1), equipment for use in hazardous atmospheres (IEC 60079), or electric toys (IEC 62115), this Part 1 will apply in accordance with the provisions of IEC Guide 1042) for hazards resulting from laser radiation. If no product safety standard is applicable, then IEC 61010-1
may be applied.
For ophthalmic instruments, to ensure patient safety, ISO 15004-2 should be consulted and the principles of the limits provided there should be applied for laser radiation (see also Annex C and D).
In previous editions, light-emitting diodes (LEDs) were included in the scope of IEC 60825-1, and they may be still included in other parts of the IEC 60825 series. However, with the development of lamp safety standards, optical radiation safety of LEDs in general can be more appropriately addressed by lamp safety standards. The removal of LEDs from the scope of this Part 1 does not preclude other standards from including LEDs whenever they refer to lasers. IEC 62471 may be applied to determine the risk group of an LED or product incorporating one or more LEDs. Some other (vertical) standards may require the application
of the measurement, classification, engineering specifications and labelling requirements of this standard (IEC 60825-1) to LED products.
Laser products with accessible radiance below the criteria specified in 4.4, designed to function as conventional light sources, and which satisfy the requirements specified in 4.4 may alternatively be evaluated under the IEC 62471 series of standards, "Photobiological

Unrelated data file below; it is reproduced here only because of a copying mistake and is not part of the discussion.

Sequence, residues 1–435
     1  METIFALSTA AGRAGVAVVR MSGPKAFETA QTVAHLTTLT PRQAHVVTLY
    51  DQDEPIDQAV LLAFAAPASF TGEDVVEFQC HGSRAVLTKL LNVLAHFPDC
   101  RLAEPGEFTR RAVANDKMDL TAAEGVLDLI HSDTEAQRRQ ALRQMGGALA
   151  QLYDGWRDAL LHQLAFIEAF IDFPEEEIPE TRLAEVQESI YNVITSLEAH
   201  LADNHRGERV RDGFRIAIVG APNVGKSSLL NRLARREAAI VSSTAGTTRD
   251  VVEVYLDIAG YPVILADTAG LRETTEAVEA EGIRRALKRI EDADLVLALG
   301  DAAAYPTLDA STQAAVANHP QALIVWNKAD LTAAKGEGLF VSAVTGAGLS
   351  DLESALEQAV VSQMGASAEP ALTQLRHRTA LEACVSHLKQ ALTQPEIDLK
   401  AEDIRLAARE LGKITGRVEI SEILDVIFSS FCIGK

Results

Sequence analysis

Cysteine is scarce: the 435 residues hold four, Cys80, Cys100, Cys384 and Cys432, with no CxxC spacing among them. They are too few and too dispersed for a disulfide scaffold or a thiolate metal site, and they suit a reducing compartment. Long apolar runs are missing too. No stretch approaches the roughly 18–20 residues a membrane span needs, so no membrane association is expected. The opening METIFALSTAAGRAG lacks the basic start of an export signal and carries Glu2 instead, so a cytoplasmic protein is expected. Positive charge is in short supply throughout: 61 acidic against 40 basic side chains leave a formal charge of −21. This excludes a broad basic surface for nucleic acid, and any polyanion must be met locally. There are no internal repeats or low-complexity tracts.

safety of lamps and lamp systems". Such a product remains within the scope of this part of IEC 60825, except that the above-described optical radiation emission need not be considered for classification.
The MPE (maximum permissible exposure) values provided in Annex A were developed for laser radiation and do not apply to collateral radiation. However, if a concern exists that
accessible collateral radiation might be hazardous, the laser MPE values may be applied to conservatively evaluate this potential hazard, or the exposure limit values in IEC 62471 should be consulted.
The MPE values in Annex A are not applicable to intentional human exposure to laser radiation for the purpose of medical or cosmetic/aesthetic treatment.
NOTE 4 Informative Annexes A to G have been included for purposes of general guidance and to illustrate many
typical cases. However, the annexes are not regarded as definitive or exhaustive.
The objectives of this part of IEC 60825 are the following:
• to introduce a system of classification of lasers and laser products emitting radiation in the wavelength range 180 nm to 1 mm according to their degree of optical radiation hazard in order to aid hazard evaluation and to aid the determination of user control measures;
• to establish requirements for the manufacturer to supply information so that proper precautions can be adopted;
• to ensure, through labels and instructions, adequate warning to individuals of hazards associated with accessible radiation from laser products;
• to reduce the possibility of injury by minimizing unnecessary accessible radiation and to give improved control of the laser radiation hazards through protective features.